Gratuity Dilemma vis-à-vis Liquidation Process under the IB Code

Introduction

A liquidation proceeding stands initiated once the corporate insolvency resolution process fails. Section 33 of the Insolvency and Bankruptcy Code, 2016 (IB Code) sets out the conditions laying down three scenarios wherein liquidation proceedings can be initiated against the corporate debtor.

 

First, when the adjudicating authority does not receive the resolution plan upon expiry of the insolvency process or it rejects the resolution plan.[1]

 

Second, when the resolution professional intimates the adjudicating authority that the committee of creditors has decided to liquidate the corporate debtor.[2]

 

Third, when any person, whose interests are prejudicially affected when the approved resolution plan is contravened by the corporate debtor, makes an application to the adjudicating authority to initiate liquidation proceedings.[3]

 

Once the liquidation process is initiated, the same concludes with the distribution of the assets of the corporate debtor in accordance with the waterfall (distribution) mechanism provided under Section 53 of the IB Code.

 

This column seeks to discuss about one peculiar aspect of liquidation wherein it is sought to be ensured that workers of a corporate debtor suffer the least on account of the expiration of the corporate debtor.

 

“Gratuity” and its Interplay with IB Code

While the Payment of Gratuity Act has not explicitly defined the term “gratuity”, it can be understood to be a sum payable by the employer to his workers upon completing service for the prescribed period of time.[4] Now once the company is brought to an end by the liquidation, then clearly such payment is to be paid to the workers.

 

Simultaneously, the IB Code provides for the formation of a “liquidation estate”[5] containing all the assets of the debtor. It is these proceeds that will be distributed to the respective stakeholders (creditors) in terms of waterfall mechanism under Section 53 of the IB Code.

 

Issue arises because if the gratuity falls under the “liquidation estate” and is to be distributed in terms of Section 53, then the workers may not get their dues in total. For instance, assuming that the only asset of the company is the gratuity sum to the tune of Rs 1 crore. Now if this sum forms part of the liquidation estate, then this sum of Rs 1 crore will be distributed firstly towards the insolvency resolution process costs and liquidation costs. If these costs run over Rs 1 crore, then the entire gratuity amount will be consumed under these expenses only. Otherwise, if these costs are, let us say, Rs 50 lakhs, then the remaining Rs 50 lakhs will be distributed towards the workers’ dues for the period of 24 months preceding the liquidation commencement date and dues towards secured creditors. The list goes so on and so forth.

 

However, Section 36 of the IB Code stipulates certain payments that are not to form part of the “liquidation estate”. Section 36(4)(a)(iii) of the IB Code stipulates that:

(4) The following shall not be included in the liquidation estate assets and shall not be used for recovery in the liquidation:

(a) assets owned by a third party which are in possession of the corporate debtor, including–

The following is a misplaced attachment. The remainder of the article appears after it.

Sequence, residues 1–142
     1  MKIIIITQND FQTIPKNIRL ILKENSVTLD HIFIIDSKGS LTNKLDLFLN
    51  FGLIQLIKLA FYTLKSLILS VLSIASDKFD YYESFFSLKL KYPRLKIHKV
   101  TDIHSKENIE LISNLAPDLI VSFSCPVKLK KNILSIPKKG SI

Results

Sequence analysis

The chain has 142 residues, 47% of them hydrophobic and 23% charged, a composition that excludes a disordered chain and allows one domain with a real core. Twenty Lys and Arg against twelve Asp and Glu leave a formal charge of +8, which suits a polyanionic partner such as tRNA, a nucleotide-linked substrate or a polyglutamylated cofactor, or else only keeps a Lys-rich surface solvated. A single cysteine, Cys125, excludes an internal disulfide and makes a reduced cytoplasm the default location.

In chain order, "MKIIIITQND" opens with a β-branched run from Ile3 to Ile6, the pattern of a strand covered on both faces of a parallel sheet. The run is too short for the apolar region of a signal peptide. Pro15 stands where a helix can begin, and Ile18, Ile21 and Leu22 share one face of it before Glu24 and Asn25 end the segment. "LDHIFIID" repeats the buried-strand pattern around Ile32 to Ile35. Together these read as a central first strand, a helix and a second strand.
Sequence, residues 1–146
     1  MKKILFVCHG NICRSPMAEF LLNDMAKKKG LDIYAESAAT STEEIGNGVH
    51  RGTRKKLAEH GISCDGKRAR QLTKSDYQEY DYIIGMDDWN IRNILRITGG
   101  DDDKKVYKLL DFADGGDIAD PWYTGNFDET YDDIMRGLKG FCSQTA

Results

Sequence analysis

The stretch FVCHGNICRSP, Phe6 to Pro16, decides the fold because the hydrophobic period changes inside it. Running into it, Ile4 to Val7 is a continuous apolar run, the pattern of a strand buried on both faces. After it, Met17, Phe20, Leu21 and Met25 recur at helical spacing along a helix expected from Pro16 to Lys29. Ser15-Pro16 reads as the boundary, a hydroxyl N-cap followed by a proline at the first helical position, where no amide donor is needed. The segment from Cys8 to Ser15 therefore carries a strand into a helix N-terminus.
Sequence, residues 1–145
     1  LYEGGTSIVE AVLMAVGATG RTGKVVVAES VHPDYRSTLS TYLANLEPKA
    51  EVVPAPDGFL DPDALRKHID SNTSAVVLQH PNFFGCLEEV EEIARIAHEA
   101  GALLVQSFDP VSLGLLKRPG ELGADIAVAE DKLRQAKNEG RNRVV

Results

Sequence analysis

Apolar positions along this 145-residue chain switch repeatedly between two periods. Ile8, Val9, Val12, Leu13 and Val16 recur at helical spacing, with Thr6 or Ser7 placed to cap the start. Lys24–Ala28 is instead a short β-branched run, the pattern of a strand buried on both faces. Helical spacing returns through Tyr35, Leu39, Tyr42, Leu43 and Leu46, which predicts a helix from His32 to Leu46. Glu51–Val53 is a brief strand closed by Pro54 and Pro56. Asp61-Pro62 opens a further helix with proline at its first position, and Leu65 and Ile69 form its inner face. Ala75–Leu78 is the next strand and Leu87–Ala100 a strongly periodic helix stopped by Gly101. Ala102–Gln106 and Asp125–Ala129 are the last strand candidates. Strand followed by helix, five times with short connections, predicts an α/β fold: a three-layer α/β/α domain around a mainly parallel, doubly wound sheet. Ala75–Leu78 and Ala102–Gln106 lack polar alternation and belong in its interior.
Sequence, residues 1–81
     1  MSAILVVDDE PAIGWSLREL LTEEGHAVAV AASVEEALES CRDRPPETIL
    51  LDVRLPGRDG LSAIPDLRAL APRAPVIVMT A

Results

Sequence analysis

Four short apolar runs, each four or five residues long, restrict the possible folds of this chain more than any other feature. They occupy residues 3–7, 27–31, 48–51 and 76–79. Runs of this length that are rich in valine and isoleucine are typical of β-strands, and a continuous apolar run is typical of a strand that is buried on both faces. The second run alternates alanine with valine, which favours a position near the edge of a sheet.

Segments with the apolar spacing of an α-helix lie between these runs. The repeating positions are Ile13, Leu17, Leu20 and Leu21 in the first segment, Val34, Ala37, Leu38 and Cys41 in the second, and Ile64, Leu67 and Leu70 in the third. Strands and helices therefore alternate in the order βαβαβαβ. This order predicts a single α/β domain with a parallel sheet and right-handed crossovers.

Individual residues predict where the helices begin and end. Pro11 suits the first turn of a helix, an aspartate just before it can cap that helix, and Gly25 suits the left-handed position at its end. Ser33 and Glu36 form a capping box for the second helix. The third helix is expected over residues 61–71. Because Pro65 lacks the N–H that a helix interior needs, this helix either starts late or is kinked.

(i)-(ii)                             ***

(iii) all sums due to any workman or employee from the provident fund, the pension fund and the gratuity fund;

 

In other words, any amount due to the workers from the pension fund, provident fund, and the gratuity fund will not form a part of the liquidation estate of the corporate debtor and will not be used for recovery in liquidation.

 

Since in many instances, liquidation results in the complete closure of the business of the ailing debtor, which results in the termination of the employment of the workers. In legal parlance, this discharge of workers amounts to their retrenchment i.e. the termination of service of workers by the employer for any reason other than punishment inflicted by way of disciplinary action.[6] Naturally to protect the workers, funds such as pension fund, provident fund, and the gratuity fund are kept out of the liquidation distribution and to be used solely for the benefit of the workers.

 

This question was even dealt with by the National Company Law Appellate Tribunal (NCLAT) in Somesh Bagchi v. Nicco Corpn. Ltd.[7] (Somesh Bagchi) as well SBI v. Moser Baer Karamchari Union[8] (Moser Baer – NCLAT) wherein the Appellate Tribunal had held that gratuity does not form a part of the liquidation estate.

 

Unsettled Legal Issues Arising with Gratuity

Now further issue arises on whether a liquidator can be directed to make provision for the payment of gratuity to the workers in case the erstwhile management of the corporate debtor did not create such fund for the workers.

 

The recent ruling by the National Company Law Tribunal (NCLT) Allahabad in Standard Chartered Bank v. JVL Agro Industries Ltd.[9] (Agro Industries) brings out the trouble in how to counter balance the workers benefit wherein the employer had faulted in not providing for gratuity; all the while respecting the statutory limitations of the authority of a liquidator.

 

In Agro Industries[10], a resolution proceeding was initiated and consequently a moratorium was declared and a resolution professional was appointed. Since, no resolution plan was approved by the committee of creditors, the liquidation proceeding was initiated. The corporate debtor had nearly 500 employees some of whom had filed an application for payment of their dues after the public announcement of liquidation was made. The corporate debtor had taken gratuity policy for 92 of its employees from Life Insurance Corporation (LIC), and the other 403 were not covered by it. It was further represented before the NCLT that the corporate debtor has requisite funds to cover the gratuity payments of the rest of its employees as well as pay the renewals for the already existing policyholders.

 

The NCLT referring to the ruling in Alchemist Asset Reconstruction Co. Ltd. v. Moser Baer India Ltd.[11] (Moser Baer – NCLT) which had been upheld by the NCLAT allowed the same and directed the liquidator to pay for the existing holders whose premiums are due as well as procure a new gratuity policy for the other 403 employees.